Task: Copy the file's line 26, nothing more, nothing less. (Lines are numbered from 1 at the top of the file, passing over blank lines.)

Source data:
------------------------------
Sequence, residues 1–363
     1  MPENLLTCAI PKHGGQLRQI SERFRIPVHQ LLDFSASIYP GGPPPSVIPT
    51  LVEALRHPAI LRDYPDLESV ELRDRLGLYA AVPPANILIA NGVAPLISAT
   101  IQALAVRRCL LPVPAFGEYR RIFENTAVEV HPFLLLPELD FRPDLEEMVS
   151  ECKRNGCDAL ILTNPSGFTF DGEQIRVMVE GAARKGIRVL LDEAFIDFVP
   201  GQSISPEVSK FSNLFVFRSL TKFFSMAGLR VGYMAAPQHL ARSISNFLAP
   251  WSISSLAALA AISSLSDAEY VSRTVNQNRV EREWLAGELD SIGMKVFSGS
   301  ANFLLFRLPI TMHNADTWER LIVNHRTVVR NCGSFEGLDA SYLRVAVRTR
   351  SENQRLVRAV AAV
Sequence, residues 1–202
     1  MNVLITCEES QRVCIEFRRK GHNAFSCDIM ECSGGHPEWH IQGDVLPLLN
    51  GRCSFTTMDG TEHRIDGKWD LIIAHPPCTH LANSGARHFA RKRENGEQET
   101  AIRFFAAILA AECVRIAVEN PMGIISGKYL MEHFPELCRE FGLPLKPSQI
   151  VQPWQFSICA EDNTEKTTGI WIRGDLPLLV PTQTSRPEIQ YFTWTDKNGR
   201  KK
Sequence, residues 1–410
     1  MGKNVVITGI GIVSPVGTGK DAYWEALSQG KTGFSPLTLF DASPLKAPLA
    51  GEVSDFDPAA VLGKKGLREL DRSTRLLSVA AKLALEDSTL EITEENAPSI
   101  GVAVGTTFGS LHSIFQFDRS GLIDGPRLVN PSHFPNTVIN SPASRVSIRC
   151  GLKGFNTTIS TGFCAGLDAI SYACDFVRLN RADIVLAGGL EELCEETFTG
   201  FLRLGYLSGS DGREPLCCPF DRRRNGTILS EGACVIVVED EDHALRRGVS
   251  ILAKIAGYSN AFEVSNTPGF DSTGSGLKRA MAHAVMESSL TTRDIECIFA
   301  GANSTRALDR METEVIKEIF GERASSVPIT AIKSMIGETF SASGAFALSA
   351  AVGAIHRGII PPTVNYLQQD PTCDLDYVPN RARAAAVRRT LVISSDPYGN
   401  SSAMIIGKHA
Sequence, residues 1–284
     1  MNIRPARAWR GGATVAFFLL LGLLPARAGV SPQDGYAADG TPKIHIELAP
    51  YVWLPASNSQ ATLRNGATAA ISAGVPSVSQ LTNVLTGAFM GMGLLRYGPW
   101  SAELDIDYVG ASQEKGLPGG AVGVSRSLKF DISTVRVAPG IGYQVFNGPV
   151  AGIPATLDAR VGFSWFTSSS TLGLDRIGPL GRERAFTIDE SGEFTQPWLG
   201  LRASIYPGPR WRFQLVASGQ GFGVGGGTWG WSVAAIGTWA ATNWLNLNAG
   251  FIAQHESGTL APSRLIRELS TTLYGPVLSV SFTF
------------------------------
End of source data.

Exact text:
Sequence, residues 1–284